Bob Dylan, John Legend, Stevie Nicks, Bruce Springsteen, Future, Chuck D. All built their careers on different genres of music, but there’s one thing the artists have in common.
Dylan and the others have sold their music publishing rights for millions of dollars in recent years. Dylan for example sold his 600-plus songs library to Sony Music Entertainment in 2020 for a reported $300 million. Nicks sold her catalog last year to Primary Wave for a reported $100 million. Legend and Springsteen sold their rights earlier this year.
Taking A Tax Break
Some musicians are rushing to sell their catalogs to take advantage of a tax benefit that could soon vanish under a proposal by President Joe Biden, a music business expert told Finurah. Under the 2006 Songwriter’s Capital Gains Equity Act, any money generated from a sale of music rights is taxed at 15 percent or the capital gains rate. That is a more favorable rate compared to the 22 percent or 24 percent rate Americans pay for income, said John Kellogg, an entertainment lawyer who teaches music management at Berklee College.
Biden’s proposed 2023 budget includes, among other things, eliminating the songwriters act and making sales of catalogs more than $1 million taxed at the income rate. The proposal is part of the Biden administration’s larger goal of imposing higher taxes on wealthy individuals. It’s unclear if Biden’s proposal will pass Congress, but musicians are selling their rights in case it does, Kellogg said.
Readying for Retirement
Kellogg said older musicians like Dylan and Phil Collins of Genesis are also selling their catalogs to use the cash for retirement or “so they can put it in trusts for their kids — kind of like estate planning.”
Songs have two copyrights linked to them — one for publishing and another for the musical master. The most recent flurry of sales comes from musicians selling their publishing rights.
Entertainment companies are paying tremendous amounts of money for music catalogs, in part because executives are confident they’ll make the money back in digital streams of songs, Kellogg said.
“They’re so bullish on it and they feel it’s really going to pay off,” he said.
Hip-Hop Following Suit
In early September hip-hop legend Chuck D sold a major stake in his songwriting catalog to his longtime publisher Reach Music. The deal included more than 300 songs written by Chuck D for Public Enemy, Rolling Stone reported. The songs include the classic Public Enemy albums “It Takes a Nation of Millions to Hold Us Back”(1988) and “Fear of a Black Planet,” (1990) which he almost entirely wrote.
“[D]oing this deal was the right timing for a forward and logical evolution of [their] business together in an ever changing industry.” the rapper told Rolling Stone. “Reach has always been ahead of the curve on establishing respect for the hip-hop genre songwriting and publishing-wise, and they will continue taking care of my works.”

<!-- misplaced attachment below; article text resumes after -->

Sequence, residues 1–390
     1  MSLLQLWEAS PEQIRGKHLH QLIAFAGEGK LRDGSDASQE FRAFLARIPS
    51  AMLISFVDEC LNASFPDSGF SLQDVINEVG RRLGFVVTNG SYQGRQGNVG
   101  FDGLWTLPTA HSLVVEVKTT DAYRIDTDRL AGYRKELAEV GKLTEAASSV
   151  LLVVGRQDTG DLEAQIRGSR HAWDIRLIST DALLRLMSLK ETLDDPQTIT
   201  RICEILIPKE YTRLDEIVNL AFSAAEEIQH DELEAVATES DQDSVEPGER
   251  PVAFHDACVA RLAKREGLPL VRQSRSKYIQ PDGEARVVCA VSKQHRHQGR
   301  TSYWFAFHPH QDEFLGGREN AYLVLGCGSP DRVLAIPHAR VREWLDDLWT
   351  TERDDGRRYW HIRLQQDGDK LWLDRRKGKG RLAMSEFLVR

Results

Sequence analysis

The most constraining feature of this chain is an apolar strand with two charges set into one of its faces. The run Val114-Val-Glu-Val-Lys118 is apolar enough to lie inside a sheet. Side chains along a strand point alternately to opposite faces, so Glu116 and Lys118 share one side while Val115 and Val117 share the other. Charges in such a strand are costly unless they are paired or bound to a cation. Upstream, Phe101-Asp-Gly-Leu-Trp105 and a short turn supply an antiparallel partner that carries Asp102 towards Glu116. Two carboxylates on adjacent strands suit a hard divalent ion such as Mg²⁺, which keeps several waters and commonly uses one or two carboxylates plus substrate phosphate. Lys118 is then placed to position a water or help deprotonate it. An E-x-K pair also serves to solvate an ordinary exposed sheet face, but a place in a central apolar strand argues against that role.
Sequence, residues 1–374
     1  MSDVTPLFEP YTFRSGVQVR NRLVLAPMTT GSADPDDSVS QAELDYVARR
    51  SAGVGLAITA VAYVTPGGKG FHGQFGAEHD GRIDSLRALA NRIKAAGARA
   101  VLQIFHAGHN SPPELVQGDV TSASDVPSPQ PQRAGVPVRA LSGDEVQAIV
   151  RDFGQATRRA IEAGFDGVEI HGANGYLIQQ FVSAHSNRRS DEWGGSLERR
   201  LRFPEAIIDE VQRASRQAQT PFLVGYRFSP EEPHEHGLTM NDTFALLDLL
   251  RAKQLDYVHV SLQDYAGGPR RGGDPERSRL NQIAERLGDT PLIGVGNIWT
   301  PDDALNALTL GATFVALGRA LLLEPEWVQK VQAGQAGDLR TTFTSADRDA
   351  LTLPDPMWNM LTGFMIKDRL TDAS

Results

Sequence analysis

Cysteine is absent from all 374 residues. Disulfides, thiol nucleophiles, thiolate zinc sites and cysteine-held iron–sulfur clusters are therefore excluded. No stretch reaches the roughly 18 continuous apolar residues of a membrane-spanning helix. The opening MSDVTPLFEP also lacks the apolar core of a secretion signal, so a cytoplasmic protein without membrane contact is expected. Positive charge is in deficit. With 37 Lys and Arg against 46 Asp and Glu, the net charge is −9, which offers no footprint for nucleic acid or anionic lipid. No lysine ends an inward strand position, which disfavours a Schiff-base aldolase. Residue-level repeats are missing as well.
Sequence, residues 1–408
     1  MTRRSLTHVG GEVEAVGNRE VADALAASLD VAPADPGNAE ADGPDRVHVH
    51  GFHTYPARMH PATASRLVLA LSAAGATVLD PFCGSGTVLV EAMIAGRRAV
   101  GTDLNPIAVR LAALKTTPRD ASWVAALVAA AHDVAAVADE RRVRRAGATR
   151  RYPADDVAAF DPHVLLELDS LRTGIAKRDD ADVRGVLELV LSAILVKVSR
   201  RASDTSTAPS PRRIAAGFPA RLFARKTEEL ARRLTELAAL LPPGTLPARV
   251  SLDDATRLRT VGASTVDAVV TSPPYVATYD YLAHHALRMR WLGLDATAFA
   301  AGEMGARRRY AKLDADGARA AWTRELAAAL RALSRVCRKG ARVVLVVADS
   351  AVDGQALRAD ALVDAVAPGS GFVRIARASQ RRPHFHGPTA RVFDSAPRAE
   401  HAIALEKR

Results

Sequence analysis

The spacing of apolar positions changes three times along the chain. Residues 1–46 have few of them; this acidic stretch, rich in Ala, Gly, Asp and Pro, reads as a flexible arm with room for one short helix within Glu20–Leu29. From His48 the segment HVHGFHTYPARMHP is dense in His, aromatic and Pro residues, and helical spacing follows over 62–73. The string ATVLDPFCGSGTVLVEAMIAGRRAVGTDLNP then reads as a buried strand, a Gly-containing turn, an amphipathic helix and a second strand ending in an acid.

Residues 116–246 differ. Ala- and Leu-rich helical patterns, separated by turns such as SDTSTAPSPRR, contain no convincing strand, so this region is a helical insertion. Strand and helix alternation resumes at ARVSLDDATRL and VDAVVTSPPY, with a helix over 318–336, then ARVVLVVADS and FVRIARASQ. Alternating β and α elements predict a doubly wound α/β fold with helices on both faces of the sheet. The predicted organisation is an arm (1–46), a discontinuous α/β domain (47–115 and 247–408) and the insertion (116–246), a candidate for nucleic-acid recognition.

Also in September, Future also has sold the publishing rights to his recorded output from 2004 to 2020 to the investment firm Influence Media Partners, Variety reported. The 612 tracks, including collaborations with Drake, Kendrick Lamar, Rihanna, and the Weeknd. Rumor has it that Future was paid “high eight figures.”
Irv Gotti, co-founder of the once high-riding Murder Inc., revealed in July that he made $300 million deal with Iconoclast’s Oliver Chastan where the music company will receive 50 percent of Murder Inc.’s masters. This portion of the catalog includes Ja Rule, Ashanti, Lloyd, and Charlie Baltimore.
Why Some Artists Selling, Others Are Buying
But as some musicians scramble to sell off rights, the younger generation of artists is looking to buy back their masters from recording labels. Beyoncé, Dua Lipa, Rihanna and Iggy Azalea have all renegotiated their contracts in recent years so they could own their masters. Some artists have said buying the master back represents full control of their artistic expression.
“I’m so happy to own my master for this new album,” Azalea said in a 2019 tweet about her In My Defense album. “They really do people crazy dirty on ownership of their intellectual property in the biz.”
Azalea and the others are also recapturing their masters because “everybody is recognizing the value of the copyrights,” Kellogg said. Some artists want their master in case one day a lucrative deal comes along and they can sell at a premium, while other musicians see the potential money streaming music can bring in, Kellogg said.
Music streaming is projected to grow into a $30 billion industry by 2030, up from $18 in 2018, according to a Goldman Sachs estimate.